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EXHIBITIONS

Patrick Tuttofuoco “Ambaradan”, Milan

He gave one last fleeting look at the semi-hollow tray that laid in front of him – the crumpled paper, residual remnants of sauce and chips, a straw still wrapped in its white envelope – then he stood up, with a slow but firm movement; both hands against the table, calves slightly pushing away the chair, his back assuming an upright position. Only a vibration in the front right pocket of his pants broke the continuity of his motion. He took out his phone and passed his thumb gently across the screen, leaving a trace on the otherwise immaculate surface. Another customer, not far from him, and he too sitting alone in front of a half- empty tray, watched the dazzling light of the display reflecting in his eyes as he read the content of the message: “Via degli Omenoni number 3”. He then put the phone back into his pocket, took the tray with both hands and placed it on top of the trash bin behind him (the one with a double golden arch engraved on it).

After slipping on the jacket, one sleeve at a time, he descended a flight of stairs and went out into the square. The air smelled of autumn. Before him stood the cathedral, all lit up, and to his left were the porches, with the shops illuminated as well. If he had shifted his gaze to the right and upwards he would have noticed the big red neon sign that seemed to float in the darkness of the night. He decided to take the scooter. It was parked next to a small white taxicab, and from afar the bike looked e-x-a-c-t-l-y as big as half the car. After a two-minute ride, with a cool breeze on his neck and on his gloveless hands, he reached his destination. He stopped on the sidewalk; she was standing few feet away. Before he had time to take his helmet off, she said in one breath, and with some trepidation: “And now, what shall become of us without any barbarians?” He did not answer but as he stood down from the scooter, turned it off and put it on the stand, he thought, with a mix of regret, frustration and grief: “Those people were some kind of solution. “

After 5 years, Patrick Tuttofuoco returns to Milan with a solo exhibition curated by Nicola Ricciardi. To the city that has seen him grow – both personally and artistically – Tuttofuoco has dedicated this new series of works, which arise from the need to deal with the transformations of the urban context, the mutations in consumption patterns, and the permeability of the local art system. Five sculptures, loosely inspired by the facade of the “Casa degli Omenoni”, continue the artist’s research on and around the human image and its possible transformations.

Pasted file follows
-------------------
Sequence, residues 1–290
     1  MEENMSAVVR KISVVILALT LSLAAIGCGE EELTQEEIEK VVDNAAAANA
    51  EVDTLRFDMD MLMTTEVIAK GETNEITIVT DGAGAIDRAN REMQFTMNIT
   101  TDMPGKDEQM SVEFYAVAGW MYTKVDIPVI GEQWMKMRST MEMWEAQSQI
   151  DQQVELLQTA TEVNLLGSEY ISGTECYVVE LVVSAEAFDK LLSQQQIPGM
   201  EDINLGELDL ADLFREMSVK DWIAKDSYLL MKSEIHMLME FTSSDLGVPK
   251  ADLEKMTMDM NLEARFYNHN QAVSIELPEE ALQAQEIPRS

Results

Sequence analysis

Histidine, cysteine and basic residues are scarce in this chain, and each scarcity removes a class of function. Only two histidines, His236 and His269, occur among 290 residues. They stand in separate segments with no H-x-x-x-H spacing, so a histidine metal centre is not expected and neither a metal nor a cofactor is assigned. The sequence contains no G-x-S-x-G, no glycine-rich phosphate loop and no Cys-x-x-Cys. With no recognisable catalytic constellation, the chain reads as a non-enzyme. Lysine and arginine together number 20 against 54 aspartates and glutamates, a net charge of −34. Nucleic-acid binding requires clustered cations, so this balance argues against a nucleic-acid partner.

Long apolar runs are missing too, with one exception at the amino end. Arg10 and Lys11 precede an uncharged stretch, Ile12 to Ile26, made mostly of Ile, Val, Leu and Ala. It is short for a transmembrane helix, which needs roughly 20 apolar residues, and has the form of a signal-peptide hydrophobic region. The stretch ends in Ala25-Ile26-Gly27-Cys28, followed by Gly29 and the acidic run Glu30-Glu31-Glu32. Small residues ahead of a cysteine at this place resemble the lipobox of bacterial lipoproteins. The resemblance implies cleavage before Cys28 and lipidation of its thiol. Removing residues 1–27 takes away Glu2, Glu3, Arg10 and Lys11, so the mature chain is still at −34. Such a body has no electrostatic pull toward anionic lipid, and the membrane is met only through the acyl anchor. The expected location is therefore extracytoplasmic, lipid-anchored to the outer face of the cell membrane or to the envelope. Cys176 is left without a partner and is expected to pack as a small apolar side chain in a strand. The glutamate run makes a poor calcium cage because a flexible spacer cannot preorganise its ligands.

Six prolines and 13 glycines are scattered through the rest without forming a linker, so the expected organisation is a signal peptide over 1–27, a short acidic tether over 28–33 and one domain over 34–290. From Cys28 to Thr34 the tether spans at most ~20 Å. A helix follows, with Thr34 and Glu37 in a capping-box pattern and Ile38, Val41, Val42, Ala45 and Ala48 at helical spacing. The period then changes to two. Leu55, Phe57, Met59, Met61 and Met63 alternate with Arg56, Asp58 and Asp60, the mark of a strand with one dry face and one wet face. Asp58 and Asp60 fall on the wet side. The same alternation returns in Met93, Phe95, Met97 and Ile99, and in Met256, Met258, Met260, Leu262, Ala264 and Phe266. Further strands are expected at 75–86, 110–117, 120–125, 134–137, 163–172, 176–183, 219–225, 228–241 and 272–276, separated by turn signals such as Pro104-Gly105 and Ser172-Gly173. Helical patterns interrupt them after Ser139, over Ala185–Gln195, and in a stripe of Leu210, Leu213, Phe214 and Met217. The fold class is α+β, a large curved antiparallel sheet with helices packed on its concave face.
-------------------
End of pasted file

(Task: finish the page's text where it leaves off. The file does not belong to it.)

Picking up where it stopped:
The works are scattered within the gallery as well as in other spaces – both public and private – that lay outside the context of art, but that nonetheless decided to get involved in a process of negotiation and exchange. Besides hosting some of the sculptures, these spaces have loaned the artist some of their iconic objects that will be displayed in the gallery for the duration of the exhibition. Not ready-mades or simple appropriations, but tangible signs of a thought – that is, it is only in the predisposition to be “contaminated” that a culture can affirm itself. In the background, a soundtrack cooperatively created by Tuttofuoco and an American composer plays in loop.

The project originates from the desire to materialize a conversation between the artist and the curator that started in Milan in the summer of 2013 and continued over the following months between Berlin and New York, which was based on a shared interest in the processes and practices of transformation of cultures. Since then, many have joined this open dialogue, with contributions of a different nature; among them Claudio Guenzani, Novo Line, Ermanno Previdi, McDonald’s and – unknowingly – Alessandro Baricco. To them goes the most heartfelt thank from the artist and the curator.

.

at Studio Guenzani, Milan

at Mc Donald’s Passaggio Duomo, Milan

at Ermanno Previdi, Milan

until 17 May 2014

Patrick Tuttofuoco, “Ambaradan” installation views, Milan, 2014

Courtesy: Studio Guenzani, Milan. Photo: © Andrea Rossetti.

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